Flotation Flotation tank Removal of fine dirt particles by blowing in air
oxidation Ventilation systems and gravel filters Removal of dissolved iron and manganese ions ( iron and manganese ). The oxidized iron and manganese are deposited on the gravel and are removed by backwashing the filter.
sedimentation Sand trap, sedimentation basin Particulate matter, flakes from flocculation
Selective exchange Ion exchange systems with special resins z. B. Removal of uranium and other heavy metals from wastewater, recycling of metals
Sieving Rake , drum screen, microscreen Removal of larger solids and floating matter
Special treatment Special basin for contaminated sewage Special treatment of wastewater that is contaminated with initially unknown substances or living beings. Examples: Untreated wastewater from electroplating plants or roundworms.
Strip Stripping pool Removal by blowing in air / gases. In this way, dissolved water constituents are converted into the gaseous phase in accordance with the vapor pressure and thus removed from the water.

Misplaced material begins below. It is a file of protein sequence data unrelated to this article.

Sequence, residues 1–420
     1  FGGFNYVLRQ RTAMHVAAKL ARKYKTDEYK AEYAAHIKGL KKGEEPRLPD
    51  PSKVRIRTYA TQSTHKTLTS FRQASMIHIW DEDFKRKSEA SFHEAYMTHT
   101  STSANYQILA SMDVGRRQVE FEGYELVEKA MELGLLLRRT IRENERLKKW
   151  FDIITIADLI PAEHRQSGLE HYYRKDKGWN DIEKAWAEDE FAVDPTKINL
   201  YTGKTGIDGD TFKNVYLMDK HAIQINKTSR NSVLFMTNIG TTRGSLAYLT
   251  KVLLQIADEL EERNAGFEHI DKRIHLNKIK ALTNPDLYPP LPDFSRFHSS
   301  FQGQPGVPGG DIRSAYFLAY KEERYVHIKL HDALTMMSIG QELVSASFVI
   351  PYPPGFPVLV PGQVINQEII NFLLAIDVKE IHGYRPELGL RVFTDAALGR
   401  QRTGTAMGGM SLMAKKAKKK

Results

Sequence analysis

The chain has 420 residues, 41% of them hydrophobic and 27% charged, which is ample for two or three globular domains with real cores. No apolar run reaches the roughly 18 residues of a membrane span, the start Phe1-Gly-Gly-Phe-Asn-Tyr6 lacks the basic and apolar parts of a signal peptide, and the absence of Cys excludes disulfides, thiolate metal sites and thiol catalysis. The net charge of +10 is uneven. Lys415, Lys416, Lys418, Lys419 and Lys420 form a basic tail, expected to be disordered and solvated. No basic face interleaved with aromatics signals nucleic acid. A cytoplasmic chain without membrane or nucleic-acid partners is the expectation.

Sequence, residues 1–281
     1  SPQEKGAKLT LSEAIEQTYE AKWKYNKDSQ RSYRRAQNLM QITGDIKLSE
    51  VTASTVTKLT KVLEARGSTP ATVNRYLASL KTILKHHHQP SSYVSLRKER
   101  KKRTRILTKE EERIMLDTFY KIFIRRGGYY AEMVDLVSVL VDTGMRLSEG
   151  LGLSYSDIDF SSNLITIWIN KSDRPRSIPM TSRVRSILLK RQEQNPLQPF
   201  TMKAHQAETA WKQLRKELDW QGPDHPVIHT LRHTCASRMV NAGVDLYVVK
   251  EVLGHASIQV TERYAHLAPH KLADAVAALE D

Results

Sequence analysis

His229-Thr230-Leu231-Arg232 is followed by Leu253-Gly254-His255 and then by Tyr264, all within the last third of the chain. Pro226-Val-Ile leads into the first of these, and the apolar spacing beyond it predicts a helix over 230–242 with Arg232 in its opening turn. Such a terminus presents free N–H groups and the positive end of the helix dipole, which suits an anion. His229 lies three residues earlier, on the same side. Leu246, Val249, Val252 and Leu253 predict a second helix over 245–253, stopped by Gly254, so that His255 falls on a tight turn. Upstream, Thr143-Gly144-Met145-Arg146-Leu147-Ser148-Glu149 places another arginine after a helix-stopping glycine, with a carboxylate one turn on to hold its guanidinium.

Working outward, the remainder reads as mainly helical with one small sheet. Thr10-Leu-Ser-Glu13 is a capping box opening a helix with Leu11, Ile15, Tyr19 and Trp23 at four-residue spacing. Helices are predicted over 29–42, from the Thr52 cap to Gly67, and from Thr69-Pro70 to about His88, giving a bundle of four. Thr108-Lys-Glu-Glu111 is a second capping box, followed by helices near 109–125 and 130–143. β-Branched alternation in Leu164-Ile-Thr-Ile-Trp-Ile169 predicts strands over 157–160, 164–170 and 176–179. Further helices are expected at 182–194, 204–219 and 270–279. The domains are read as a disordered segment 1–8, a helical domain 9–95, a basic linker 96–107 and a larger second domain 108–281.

Full demineralization VE systems, regenerable mixed-bed exchangers , cartridge exchangers, reverse osmosis , electrodeionization Removal of salts e.g. B. for the production of pure and ultrapure water

Areas of application

The most important processes are listed in the table above. However, a system for the treatment of water rarely consists of just one single process, but very often of several. The required number and type of procedures are determined by:

  • Type and quality of the raw water and its dissolved and undissolved ingredients
  • Type of use and requirements for the treated water (pure water)

Raw water : The most important raw water suppliers in Central Europe are:

Surface water , and particularly flowing water, contains at least temporarily (flood periods) high levels of undissolved particles. It can also contain organic contaminants, although the legal regulations for direct discharges of wastewater and for treated wastewater mean that they only occur in small amounts. In the case of lake and dam water, on the other hand, the content of undissolved and organic substances is significantly lower.

Depending on the type of soil layer from which it is extracted, groundwater is more or less polluted by dissolved iron and manganese compounds and higher levels of free carbon dioxide (CO 2 ). Dissolved or colloidal organic compounds are only present in small amounts, if at all. Well water near the surface, especially in areas with swampy soil layers and from landfills, can also contain higher concentrations of organic contaminants.